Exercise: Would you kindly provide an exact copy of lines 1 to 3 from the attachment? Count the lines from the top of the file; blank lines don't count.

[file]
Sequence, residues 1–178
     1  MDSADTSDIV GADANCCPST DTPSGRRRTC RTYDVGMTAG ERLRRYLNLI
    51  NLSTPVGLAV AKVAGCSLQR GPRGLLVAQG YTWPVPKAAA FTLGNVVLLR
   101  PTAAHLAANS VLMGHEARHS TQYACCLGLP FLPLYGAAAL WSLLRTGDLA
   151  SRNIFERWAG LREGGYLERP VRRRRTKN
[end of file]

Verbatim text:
Sequence, residues 1–178
     1  MDSADTSDIV GADANCCPST DTPSGRRRTC RTYDVGMTAG ERLRRYLNLI
    51  NLSTPVGLAV AKVAGCSLQR GPRGLLVAQG YTWPVPKAAA FTLGNVVLLR